Increasingly through history’s course the quest for power became more and more about using power and prestige to access wealth, often through controlling the labor of the masses; but archaeologists tell us that finding the absence of wealth is not evidence for absence of power.  Once great wealth was accumulated, obviously it became a source of power and prestige; but initially, in the beginning of the development of complex societies, there were likely many domains of power in which aggrandizers could seek power and prestige without necessarily leaving behind evidence of personal wealth for the archaeologists to find.  There must have been many false starts to the institutionalization of aggrandizement.

And power is not like a single thread that once found can be fashioned into a rope.  Power can be created and accessed in many places in society.  But it is not fixed or finite.  There can be a constant reworking of power by community leaders and different groups at times share, sometimes subvert the power of others and at other times forcibly assert themselves unilaterally over and against others.  Again, power can be loose, conditional and unstable.

In sum, the power that concerns our investigation of the emergence of inequality in history is social power.  It is a sociological truism that power exists in all social relationships; but the power of any one individual over another vastly increased once there was a surplus of food over which to compete.  R. N. Adams (1967:31) distinguishes between two forms of development in cultural evolution: (1) Primary development is that evolution concerning technological innovations e.g., the ways and means of storage, the manufacture of the implements of production, etc.  (2) Secondary development is “distinguished by the central concern with control over social behavior.”  This is our primary focus, as the power of a few members of society greatly increased once primary developments were sufficient to produce a surplus of food.  In other words, power “has grown as a part of advancing cultural evolution.”  Adams (1967:35) continues:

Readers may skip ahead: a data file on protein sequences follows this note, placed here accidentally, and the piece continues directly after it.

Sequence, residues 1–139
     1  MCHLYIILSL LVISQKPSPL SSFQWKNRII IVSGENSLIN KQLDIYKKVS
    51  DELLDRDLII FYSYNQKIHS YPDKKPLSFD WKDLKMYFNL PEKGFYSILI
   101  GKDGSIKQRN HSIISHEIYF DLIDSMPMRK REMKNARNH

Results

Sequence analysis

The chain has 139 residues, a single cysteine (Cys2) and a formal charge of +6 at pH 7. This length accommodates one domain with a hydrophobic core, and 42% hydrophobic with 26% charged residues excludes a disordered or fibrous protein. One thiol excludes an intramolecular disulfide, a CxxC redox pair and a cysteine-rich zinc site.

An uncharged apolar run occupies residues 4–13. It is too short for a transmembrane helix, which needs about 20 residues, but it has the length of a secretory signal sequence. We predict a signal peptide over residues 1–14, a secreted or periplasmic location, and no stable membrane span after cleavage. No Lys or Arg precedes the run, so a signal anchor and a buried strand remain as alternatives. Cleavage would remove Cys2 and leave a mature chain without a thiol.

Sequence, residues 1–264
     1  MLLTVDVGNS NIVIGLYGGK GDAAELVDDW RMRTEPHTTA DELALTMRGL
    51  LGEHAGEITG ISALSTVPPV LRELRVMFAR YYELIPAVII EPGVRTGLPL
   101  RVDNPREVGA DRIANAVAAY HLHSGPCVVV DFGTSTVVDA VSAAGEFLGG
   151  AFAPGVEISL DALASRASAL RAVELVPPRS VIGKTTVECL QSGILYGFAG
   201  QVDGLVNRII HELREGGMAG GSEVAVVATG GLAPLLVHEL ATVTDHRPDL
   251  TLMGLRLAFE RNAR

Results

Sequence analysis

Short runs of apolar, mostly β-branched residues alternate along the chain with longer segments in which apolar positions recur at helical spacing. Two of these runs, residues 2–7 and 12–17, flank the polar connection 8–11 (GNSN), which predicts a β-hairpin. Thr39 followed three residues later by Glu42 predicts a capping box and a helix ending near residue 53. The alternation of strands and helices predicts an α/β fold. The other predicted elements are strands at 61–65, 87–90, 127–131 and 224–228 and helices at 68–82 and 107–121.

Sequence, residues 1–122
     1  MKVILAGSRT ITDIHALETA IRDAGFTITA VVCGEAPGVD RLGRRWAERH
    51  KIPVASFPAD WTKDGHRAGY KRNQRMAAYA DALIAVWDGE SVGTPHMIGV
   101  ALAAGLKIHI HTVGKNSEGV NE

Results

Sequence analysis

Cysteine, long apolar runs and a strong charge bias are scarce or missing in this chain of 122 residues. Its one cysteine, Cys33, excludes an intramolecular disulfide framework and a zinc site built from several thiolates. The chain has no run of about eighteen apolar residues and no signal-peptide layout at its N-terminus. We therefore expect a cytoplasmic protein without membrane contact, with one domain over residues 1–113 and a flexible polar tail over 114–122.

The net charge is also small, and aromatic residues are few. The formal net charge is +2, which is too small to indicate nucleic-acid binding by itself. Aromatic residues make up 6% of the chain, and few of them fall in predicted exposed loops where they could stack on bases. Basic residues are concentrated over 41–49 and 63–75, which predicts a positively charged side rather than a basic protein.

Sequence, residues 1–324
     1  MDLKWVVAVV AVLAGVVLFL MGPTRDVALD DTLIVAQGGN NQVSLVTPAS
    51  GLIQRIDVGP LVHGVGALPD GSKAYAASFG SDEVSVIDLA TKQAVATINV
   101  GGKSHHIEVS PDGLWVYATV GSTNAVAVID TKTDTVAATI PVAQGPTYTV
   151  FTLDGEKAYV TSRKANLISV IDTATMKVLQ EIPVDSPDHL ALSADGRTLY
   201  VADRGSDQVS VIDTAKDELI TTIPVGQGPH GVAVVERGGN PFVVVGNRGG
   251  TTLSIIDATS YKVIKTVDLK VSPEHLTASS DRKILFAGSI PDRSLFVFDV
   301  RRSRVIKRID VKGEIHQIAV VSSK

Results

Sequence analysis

Essentially, what happens to power during cultural advance is that as technological ability to control the environment increases – with increased skills, new inventions, and the discovery of new resources – the amount of available power grows.  Since power is defined in terms of control over the environment, the increase in this control enlarges the amount of power available.  When this increase occurs, a disproportionate and differential control develops so that some individuals or sectors of society have greater control than others.


Thus, we see that the people of the Paleolithic who lived in non-storing mobile bands did little to control their environment.  They merely fed off of it.  In Adams’ terminology, primary evolution had not begun with any force or major social consequences.  Once humans began to control their environment – by building fish weirs or carving irrigation canals, for example – secondary evolution began to kick in and political economy was born.  That is, primary evolution gave some ambitious individuals time to do things other than producing food.  One of the very important “other things” to evolve was the attempt to control people (Adams 1967:37).  With the surplus revolution a concern for power was born.